This article addresses the geomechanical properties of a conglomerate that forms the geological strata along a 1.80 km length of a tunnel under construction in Iran. We present these data because there is little information extant in the literature on the geomechanical characteristics of similar materials. The conglomeratic rock is part of a thick synorogenic molasse sequence of Lower Miocene to Pliocene age. Molasse consists of tectonically undisturbed coarse-grained detritus produced by rapid erosion of mountain ranges after the final orogenic spasms. Because of this timing, the sediments have not been significantly affected by compression or shear and they are horizontally disposed. Conglomerates are common in molasse, forming thick layers in some cases. The rock we studied is a mud-supported conglomerate, comprising well- to very well-rounded limestone, marly limestone and radiolarite rock fragments in a clay matrix; according to field strength estimates, the rock is classified as a "very weak rock". Laboratory tests were performed according to ASTM standards and ISRM suggested methods on high quality core samples from tunnel-axis vertical boreholes. Results from the field and laboratory investigations showed that the rock is of very poor quality, which could lead to serious instability problems for the tunnel.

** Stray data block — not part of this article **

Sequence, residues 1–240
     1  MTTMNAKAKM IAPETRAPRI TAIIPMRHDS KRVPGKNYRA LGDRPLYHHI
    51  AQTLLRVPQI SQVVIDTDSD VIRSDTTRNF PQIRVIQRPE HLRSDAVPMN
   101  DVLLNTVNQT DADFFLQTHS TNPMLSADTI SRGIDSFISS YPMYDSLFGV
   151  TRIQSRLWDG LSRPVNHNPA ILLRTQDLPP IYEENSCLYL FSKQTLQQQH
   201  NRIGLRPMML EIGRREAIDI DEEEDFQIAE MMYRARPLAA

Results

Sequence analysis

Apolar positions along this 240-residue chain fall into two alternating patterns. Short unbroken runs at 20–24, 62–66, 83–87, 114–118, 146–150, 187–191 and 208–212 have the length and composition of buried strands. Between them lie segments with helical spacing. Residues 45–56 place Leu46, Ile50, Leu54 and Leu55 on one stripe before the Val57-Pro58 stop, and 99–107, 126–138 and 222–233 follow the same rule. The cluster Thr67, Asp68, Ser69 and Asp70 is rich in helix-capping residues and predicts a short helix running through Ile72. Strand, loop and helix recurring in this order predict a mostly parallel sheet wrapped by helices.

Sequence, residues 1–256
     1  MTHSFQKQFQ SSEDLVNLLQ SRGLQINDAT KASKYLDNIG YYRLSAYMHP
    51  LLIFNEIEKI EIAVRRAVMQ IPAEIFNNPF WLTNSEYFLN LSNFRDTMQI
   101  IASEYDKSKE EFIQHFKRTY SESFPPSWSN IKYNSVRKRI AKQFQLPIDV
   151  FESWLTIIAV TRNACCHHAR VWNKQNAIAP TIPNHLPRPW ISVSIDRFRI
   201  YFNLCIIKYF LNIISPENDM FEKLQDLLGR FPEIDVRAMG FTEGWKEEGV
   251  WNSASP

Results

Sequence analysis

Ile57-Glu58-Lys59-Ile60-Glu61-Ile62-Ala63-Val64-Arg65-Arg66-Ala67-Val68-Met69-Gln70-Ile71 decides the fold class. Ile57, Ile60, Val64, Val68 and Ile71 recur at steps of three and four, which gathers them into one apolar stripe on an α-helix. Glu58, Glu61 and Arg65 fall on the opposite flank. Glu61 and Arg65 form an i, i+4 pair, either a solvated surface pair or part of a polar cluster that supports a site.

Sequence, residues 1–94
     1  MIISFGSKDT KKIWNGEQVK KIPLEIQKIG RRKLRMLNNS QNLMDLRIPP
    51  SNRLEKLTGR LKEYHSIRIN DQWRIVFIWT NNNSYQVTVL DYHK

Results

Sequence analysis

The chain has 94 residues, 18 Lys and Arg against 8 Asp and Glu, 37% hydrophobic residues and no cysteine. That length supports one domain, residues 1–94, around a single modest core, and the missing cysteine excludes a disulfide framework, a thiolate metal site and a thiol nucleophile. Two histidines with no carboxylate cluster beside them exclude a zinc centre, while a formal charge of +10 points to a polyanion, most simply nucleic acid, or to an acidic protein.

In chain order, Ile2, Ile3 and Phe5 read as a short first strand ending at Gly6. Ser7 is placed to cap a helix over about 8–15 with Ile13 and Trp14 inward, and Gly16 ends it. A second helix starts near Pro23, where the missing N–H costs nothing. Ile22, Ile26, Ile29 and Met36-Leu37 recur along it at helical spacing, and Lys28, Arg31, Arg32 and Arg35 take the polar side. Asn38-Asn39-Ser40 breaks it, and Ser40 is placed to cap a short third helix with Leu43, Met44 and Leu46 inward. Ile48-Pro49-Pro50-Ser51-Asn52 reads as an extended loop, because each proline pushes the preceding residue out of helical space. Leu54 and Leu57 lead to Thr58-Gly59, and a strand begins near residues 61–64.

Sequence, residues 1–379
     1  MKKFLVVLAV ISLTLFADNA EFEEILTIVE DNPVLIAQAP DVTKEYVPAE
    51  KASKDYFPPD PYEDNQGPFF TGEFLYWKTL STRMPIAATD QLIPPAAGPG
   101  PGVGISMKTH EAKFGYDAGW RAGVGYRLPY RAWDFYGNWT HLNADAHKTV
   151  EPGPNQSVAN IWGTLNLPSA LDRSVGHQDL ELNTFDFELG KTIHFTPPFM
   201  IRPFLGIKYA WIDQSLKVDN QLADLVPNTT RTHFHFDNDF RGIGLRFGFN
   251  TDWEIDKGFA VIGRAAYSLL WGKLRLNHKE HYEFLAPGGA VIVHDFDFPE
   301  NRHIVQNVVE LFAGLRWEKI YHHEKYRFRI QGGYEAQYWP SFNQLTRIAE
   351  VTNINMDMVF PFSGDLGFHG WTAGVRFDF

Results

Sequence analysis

From an engineering geology perspective, there are clear relationships among physical and mechanical properties of each geological stratum and its geological evolution: provenance, composition, sedimentary and diagenetic history, metamorphism and weathering. For example, for most sedimentary rocks, an increase in the age of the rock generally leads to an increase in its strength and a decrease in its porosity and permeability. However, these relationships may or may not be highly important factors in the evaluation of widely different rock types, such as intrinsically strong quartzites and intrinsically weak clay shales. Interestingly, little is reported about the geomechanical properties of conglomerates, and this is the focus of this article. Conglomerate is a terrigenous sedimentary rock type containing large, usually rounded rock fragments. Conglomerates show a wide range of strength, as low as 1 MPa for a very weak lightly clay-cemented conglomerate to over 200 MPa for a very strong, lowporosity, quartz cemented conglomerate rock. The latter conglomerate we have in mind is the Witwatersrand Conglomerate found in South African gold mines . There is little information extant in the literature on the geomechanical characteristics of weak conglomerate rocks. This motivated us to present these data on rock mechanics properties of a weak conglomerate. In this article, we highlight the properties of a conglomerate that forms the geological strata along a 1.80 km length of a tunnel under construction in Iran. The section is known as the Qomroud Long Tunnel Lot number 6 (QLT6), and the tunnel is part of the Dez- Qomroud water conveyance project which consists of four tunnels with total length of 54 kilometers, a large dam and three small dams. QLT6 is situated in the Zagros tectonically disturbed zone. The conglomeratic rock is part of a thick synorogenic molasse sequence of upper Pliocene to Pleistocene age, the Bakhtiari Formation.